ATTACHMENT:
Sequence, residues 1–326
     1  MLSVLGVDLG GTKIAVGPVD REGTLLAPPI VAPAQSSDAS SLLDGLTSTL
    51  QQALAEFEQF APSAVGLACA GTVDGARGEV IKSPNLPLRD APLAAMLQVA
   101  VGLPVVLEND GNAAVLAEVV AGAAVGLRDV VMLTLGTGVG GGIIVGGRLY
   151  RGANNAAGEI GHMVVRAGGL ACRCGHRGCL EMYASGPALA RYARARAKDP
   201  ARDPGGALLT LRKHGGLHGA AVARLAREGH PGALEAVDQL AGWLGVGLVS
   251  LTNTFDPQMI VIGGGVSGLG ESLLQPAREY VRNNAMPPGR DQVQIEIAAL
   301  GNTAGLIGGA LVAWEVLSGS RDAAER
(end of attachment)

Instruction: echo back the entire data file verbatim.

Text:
Sequence, residues 1–326
     1  MLSVLGVDLG GTKIAVGPVD REGTLLAPPI VAPAQSSDAS SLLDGLTSTL
    51  QQALAEFEQF APSAVGLACA GTVDGARGEV IKSPNLPLRD APLAAMLQVA
   101  VGLPVVLEND GNAAVLAEVV AGAAVGLRDV VMLTLGTGVG GGIIVGGRLY
   151  RGANNAAGEI GHMVVRAGGL ACRCGHRGCL EMYASGPALA RYARARAKDP
   201  ARDPGGALLT LRKHGGLHGA AVARLAREGH PGALEAVDQL AGWLGVGLVS
   251  LTNTFDPQMI VIGGGVSGLG ESLLQPAREY VRNNAMPPGR DQVQIEIAAL
   301  GNTAGLIGGA LVAWEVLSGS RDAAER